1. I love the horns on Siobhan. I like horned cows, as you can guess.

    You might want to look up a 'Bud Box'. There are some great videos on youtube. A couple of links here:

    The entryway to the chute is the trouble at our farm, too. We're thinking of a crowd tub just to keep humans out of the way of potentially grumpy bulls, cows, etc. But a crowd tub is expensive and a bud box is cheap.

    There's also a system (I forget the name) where you basically squeeze the cow between a strong fence and a gate. Works great for horned cows and for AI.

    Finally, what breed is T-Bone. He doesn't look too meaty, more like a dairy breed. You need to find a little Salers calf! :-)

  2. Actually, that's Sara with the horns. Let's say I love horns on cattle photogenically, but not in practice. I find them a bit intimidating!

    I'll look up "Bud Box." I've seen crowd tubs in catalogs, and they are great, but way too expensive and high-tech for our few cows. The first time we had Sara vaccinated, four of us pinned her against one corral panel in the barn by squeezing her with another like you said. It worked as long as there were so many of us, but with just Herb and me, I think a head gate is the way to go--with the addition of a swinging panel to "sweep" the cows into the chute.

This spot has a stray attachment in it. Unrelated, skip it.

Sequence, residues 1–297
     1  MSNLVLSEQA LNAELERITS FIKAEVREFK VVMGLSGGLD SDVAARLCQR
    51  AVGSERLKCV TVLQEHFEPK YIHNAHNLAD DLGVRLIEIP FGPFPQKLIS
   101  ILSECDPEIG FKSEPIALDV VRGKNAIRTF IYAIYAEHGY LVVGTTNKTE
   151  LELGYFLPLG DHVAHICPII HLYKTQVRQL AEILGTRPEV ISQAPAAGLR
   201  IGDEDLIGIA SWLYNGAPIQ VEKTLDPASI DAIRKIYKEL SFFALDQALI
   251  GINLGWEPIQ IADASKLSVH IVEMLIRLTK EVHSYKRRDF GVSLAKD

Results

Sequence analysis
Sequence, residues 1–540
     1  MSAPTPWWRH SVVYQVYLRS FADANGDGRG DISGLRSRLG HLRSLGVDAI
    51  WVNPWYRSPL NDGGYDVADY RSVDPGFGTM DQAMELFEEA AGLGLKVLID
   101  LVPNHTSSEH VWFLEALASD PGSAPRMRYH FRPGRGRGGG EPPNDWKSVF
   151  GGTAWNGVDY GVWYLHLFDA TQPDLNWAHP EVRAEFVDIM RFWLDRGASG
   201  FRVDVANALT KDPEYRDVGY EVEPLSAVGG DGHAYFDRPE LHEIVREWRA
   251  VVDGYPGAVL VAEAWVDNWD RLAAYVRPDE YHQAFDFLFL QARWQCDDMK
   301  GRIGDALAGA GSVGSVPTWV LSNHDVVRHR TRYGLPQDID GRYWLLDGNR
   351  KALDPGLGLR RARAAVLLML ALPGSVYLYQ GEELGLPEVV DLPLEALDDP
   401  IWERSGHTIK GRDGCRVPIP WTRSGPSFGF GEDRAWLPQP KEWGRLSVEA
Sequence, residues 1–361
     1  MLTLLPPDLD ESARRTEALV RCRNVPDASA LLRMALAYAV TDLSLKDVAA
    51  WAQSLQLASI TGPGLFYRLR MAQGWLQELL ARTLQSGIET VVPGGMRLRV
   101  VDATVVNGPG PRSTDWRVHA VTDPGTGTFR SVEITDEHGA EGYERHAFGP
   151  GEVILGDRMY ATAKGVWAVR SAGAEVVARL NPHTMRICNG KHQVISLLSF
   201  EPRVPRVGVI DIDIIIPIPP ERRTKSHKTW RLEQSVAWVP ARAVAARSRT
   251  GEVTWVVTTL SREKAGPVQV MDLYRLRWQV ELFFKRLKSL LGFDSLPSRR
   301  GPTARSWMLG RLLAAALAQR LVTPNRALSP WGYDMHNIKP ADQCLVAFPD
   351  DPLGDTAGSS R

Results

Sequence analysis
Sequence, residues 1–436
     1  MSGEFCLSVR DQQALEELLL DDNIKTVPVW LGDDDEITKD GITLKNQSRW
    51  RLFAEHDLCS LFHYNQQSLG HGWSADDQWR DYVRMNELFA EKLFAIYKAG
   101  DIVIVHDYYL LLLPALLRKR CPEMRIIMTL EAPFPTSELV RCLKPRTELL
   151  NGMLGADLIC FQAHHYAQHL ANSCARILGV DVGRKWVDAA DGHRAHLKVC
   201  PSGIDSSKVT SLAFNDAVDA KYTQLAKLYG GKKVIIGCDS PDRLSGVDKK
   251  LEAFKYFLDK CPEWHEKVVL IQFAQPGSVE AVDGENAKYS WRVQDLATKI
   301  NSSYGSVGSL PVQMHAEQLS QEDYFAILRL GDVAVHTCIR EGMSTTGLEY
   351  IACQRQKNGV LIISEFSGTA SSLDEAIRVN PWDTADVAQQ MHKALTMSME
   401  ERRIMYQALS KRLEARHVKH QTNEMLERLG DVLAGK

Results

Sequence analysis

T-bone is a Dexter, but the breeder sold him because she said he was too feminine to breed. No, he doesn't look very meaty but hopefully will finish out on grass to provide enough beef for the two of us. I'll try to get a photo of him and Siobhan in the same picture--if Sara will let him get close to her--so you can see how much bigger Siobhan is. And they are the same age. So we have great hopes of getting nice, beefy steers out of her down the line. T-bone is just a stop-gap measure for us until then, and he's the only Dexter steer we could find in our area for sale. I wish there were Salers around here! Although I did hear tell of someone raising Scottish Highlanders--poor things, in Georgia!

  3. Sarah looks crazy! And T-Bone looks like he's trying to avoid butchering by going anorexic on us ;-) Feed him up!

  4. Sara is crazy--for food! And yes, fattening T-bone is what we're trying to do! If Sara continues chasing him away from Siobhan this winter, we may have to separate them for him to get anything to eat.